One of the most popular verses among both Jews and Christians promoting social justice is Micah 6:8. It reads, “He has showed you, O man, what is good. And what does the LORD require of you? To act justly and to love mercy and to walk humbly with your God.” Many desire to know more about what this inspiring verse teaches on the issues of justice, mercy, and humility.
Micah 6 involves an imaginary conversation between the Lord and Israel. In verses 1-5 the Lord introduces His case against the disobedient people of Israel. Verses 6-7 record Israel’s response as a series of questions beginning with, “With what shall I come to the Lord?” (Micah 6:6).
Israel’s focus is on their external religious rites, and their questions show a progression from lesser to greater. First, they ask if God would be satisfied with burnt offerings of year-old calves (Micah 6:6b), offerings required in the Law of Moses. Second, they ask if they should bring “thousands of rams, with ten thousands of rivers of oil” (Micah 6:7a). This is the rhetoric of hyperbole; such an offering could only be made by someone extremely wealthy or by the larger community of God’s people. Third, they ask whether they should offer their firstborn sons as a sacrifice for God. Would that be enough to cover their sin? Would God be pleased with them then?
Verse 8 follows with God’s answer, rooted in the Law of Moses: “He has told you, O man, what is good.” In other words, Israel should already have known the answer to their questions. God then says that He did not need or desire their religious rites, sacrifices, or oblations. Instead, the Lord sought Israel’s justice, mercy, and humility.
The answer to Israel’s sin problem was not more numerous or more painful sacrifices. The answer was something much deeper than any religious observance: they needed a change of heart. Without the heart, Israel’s conformity to the Law was nothing more than hypocrisy. Other prophets tried to communicate a similar message (Isaiah 1:14; Hosea 6:6; Amos 5:21). Unfortunately, God’s people were slow to heed the message (Matthew 12:7).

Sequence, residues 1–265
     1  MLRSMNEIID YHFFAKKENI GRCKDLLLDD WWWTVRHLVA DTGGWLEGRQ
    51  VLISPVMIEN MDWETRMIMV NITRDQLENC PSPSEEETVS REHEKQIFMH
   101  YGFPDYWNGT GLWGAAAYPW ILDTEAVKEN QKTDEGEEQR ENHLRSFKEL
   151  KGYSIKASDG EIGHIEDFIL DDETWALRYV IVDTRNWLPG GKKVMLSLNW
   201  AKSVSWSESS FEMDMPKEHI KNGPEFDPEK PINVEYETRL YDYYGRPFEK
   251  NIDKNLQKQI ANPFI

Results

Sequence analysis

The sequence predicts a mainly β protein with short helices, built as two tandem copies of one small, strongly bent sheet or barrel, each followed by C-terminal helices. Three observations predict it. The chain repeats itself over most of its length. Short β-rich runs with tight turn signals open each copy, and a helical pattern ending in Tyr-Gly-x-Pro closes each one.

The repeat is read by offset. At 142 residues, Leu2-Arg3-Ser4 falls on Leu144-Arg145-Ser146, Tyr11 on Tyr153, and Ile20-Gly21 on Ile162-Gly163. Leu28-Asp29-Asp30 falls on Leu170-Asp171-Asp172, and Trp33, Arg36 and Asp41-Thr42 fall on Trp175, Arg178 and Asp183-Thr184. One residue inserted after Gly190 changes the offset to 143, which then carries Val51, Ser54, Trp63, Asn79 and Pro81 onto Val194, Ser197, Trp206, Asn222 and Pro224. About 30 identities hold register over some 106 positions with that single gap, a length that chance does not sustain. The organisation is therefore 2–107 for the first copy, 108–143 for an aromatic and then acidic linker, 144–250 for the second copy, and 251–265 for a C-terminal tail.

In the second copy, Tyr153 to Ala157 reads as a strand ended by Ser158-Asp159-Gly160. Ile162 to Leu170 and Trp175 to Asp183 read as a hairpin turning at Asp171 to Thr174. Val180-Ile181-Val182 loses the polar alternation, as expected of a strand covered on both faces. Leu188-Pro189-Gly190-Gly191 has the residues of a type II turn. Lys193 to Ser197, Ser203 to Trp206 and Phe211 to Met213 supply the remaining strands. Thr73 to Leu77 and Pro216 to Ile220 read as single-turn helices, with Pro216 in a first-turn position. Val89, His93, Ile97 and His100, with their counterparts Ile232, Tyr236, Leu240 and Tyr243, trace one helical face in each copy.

“Act justly” would have been understood by Micah’s audience as living with a sense of right and wrong. In particular, the judicial courts had a responsibility to provide equity and protect the innocent. Injustice was a problem in Israel at that time (Micah 2:1-2; 3:1-3; 6:11).
“Love mercy” contains the Hebrew word hesed, which means “loyal love” or “loving-kindness.” Along with justice, Israel was to provide mercy. Both justice and mercy are foundational to God’s character (Psalm 89:14). God expected His people to show love to their fellow man and to be loyal in their love toward Him, just as He had been loyal to them (Micah 2:8-9; 3:10-11; 6:12).
“Walk humbly” is a description of the heart’s attitude toward God. God’s people depend on Him rather than their own abilities (Micah 2:3). Instead of taking pride in what we bring to God, we humbly recognize that no amount of personal sacrifice can replace a heart committed to justice and love. Israel’s rhetorical questions had a three-part progression, and verse 8 contains a similar progression. The response of a godly heart is outward (do justice), inward (love mercy), and upward (walk humbly).
The message of Micah is still pertinent today. Religious rites, no matter how extravagant, can never compensate for a lack of love (1 Corinthians 13:3). External compliance to rules is not as valuable in God’s eyes as a humble heart that simply does what is right. God’s people today will continue to desire justice, mercy, and humility before the Lord.